Guide to Seafood Import Monitoring Program (SIMP) Audit

Have you received a letter from NOAA Fisheries advising you that they have selected your entry for an audit? Do you know what course of action you need to take upon receiving the SIMP audit letter? The industry has tremendously changed, and we understand how you need support to walk you through the complexity of import requirements. As your Customs Broker, we are your partner every step of the way. If you have received a SIMP audit letter, please do not hesitate to reach out to us and we can guide you through the entire process. We will just need some paperwork to be provided to us and we can help communicate with National Marine Fisheries Services (NMFS) audit team on your behalf.


Seafood Import Monitoring Program was mandated on January 1, 2018, requiring Customs Brokers to transmit certain information through CBP’s ACE system. There are also separate record-keeping requirements for importers/IFTP holders..

According to National Marine Fisheries Services (NMFS), the purpose of a SIMP audit is to verify the harvest and landing information provided in an entry filing as well as the sufficiency of chain of custody records documenting the movement of fish and seafood products from harvest/landing into the US.  The U.S. importer/IFTP holder will be notified by a NMFS auditor if an entry is selected for an audit and asked to provide supporting records within 5-10 days. Auditees will provide results within 30 days of receiving the chain of custody records and advise for non- conformities, discrepancies and corrective actions to support compliance of future shipments.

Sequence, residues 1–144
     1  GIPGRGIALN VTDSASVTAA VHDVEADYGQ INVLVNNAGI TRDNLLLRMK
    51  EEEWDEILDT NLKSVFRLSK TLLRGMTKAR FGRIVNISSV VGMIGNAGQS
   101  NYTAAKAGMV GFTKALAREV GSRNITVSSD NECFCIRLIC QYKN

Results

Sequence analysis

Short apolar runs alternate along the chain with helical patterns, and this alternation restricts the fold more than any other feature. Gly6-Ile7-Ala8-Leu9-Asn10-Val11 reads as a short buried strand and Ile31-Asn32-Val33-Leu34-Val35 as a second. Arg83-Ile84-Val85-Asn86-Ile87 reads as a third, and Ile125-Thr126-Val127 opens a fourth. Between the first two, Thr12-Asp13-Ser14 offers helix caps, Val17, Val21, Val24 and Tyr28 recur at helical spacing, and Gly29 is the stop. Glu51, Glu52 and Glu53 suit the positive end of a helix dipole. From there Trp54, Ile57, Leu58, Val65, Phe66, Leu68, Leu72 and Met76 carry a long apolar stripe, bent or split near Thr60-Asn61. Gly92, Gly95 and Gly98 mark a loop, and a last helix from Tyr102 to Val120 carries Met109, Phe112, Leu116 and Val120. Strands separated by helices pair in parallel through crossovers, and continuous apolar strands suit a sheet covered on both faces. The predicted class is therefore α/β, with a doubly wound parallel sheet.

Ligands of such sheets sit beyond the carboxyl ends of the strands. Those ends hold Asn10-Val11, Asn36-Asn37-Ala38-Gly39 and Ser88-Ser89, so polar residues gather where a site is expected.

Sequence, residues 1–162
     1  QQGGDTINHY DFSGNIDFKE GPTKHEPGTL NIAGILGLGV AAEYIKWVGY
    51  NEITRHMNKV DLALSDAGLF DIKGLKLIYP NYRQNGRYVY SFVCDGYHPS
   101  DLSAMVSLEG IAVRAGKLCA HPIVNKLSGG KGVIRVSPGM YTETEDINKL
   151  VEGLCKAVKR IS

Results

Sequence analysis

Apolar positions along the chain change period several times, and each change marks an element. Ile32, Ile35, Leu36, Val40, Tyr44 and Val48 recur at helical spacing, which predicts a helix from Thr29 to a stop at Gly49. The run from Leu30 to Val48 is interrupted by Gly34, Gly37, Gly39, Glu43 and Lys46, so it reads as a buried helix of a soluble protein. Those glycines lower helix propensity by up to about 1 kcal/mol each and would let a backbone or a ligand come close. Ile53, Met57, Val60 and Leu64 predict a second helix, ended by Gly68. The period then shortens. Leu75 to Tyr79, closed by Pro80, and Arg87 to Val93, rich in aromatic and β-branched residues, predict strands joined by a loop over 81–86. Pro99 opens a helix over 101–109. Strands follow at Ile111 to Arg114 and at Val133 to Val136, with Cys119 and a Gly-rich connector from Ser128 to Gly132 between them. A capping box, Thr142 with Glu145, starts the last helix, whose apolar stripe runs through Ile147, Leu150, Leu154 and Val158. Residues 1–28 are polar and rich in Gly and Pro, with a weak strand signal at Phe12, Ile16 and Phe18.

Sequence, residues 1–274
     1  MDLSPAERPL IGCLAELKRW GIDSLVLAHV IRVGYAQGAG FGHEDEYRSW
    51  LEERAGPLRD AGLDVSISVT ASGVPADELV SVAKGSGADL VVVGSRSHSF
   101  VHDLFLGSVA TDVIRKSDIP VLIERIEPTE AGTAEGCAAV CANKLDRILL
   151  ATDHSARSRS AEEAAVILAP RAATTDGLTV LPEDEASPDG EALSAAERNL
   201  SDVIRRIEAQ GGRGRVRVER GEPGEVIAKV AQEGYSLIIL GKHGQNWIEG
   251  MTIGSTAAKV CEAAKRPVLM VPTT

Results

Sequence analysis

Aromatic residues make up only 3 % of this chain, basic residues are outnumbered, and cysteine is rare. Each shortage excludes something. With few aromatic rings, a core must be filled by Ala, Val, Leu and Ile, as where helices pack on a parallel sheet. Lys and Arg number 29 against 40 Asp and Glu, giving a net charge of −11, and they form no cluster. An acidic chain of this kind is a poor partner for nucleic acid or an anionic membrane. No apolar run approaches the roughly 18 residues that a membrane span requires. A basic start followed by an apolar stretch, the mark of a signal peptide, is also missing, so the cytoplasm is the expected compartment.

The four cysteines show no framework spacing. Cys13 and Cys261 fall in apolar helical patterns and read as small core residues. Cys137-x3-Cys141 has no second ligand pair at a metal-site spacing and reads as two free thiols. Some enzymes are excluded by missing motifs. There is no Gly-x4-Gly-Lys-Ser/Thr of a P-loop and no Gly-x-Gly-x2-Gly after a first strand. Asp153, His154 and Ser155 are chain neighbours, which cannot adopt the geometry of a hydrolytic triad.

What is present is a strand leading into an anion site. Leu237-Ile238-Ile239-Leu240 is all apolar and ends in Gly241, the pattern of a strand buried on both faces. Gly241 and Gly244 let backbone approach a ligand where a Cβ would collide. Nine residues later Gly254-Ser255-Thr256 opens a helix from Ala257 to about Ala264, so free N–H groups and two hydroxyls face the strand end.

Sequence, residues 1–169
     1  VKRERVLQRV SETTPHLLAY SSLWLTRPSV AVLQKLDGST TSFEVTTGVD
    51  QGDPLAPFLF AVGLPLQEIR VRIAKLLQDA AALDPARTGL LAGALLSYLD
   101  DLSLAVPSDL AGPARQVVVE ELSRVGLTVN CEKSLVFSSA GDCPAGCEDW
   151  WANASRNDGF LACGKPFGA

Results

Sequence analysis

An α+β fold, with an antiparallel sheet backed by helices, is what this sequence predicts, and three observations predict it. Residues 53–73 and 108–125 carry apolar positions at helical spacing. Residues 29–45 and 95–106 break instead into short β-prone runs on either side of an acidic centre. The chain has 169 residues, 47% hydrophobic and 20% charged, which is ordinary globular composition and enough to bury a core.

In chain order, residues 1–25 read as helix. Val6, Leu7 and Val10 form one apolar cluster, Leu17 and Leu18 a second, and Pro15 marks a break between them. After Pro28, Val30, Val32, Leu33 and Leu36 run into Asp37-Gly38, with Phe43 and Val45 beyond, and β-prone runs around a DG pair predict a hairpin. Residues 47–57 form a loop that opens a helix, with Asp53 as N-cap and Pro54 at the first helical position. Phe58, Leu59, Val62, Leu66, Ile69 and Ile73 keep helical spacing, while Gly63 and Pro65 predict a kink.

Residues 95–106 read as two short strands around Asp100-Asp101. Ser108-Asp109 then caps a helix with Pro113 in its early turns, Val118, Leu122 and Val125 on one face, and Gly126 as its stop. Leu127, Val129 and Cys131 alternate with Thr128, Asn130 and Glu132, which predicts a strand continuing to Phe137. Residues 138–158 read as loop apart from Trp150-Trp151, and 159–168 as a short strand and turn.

In addition to the entry requirements, NMFS seek for identification of products and each custodian of the fish or seafood product: a transhipper, processor, storage facility, or distributor at every step of the movement of the product through the supply chain.

Some examples of records that may be used to establish chain of custody:

1. Vessel Manifest Records
2. Raw Material Invoice
3. Fish Tickets at Landing Port
4. Off Loading Reports with Vessel Names
5. Country Catch Certificates
6. Proforma Invoice
7. Processor’s Bill of Lading and Receiving Bill
8. Cold Storage Receiving Ticket
9. Mate’s Receipt
10. Transshipment Log
11. Cold Storage Unloading Log
12. Daily Production Log
13. Finished Product Packaging Label
14. Cold Storage Discharge and Receiving Log
15. Processor’s Raw Material Receiving Log
16. Packing Log

To read further information and to access the resource materials: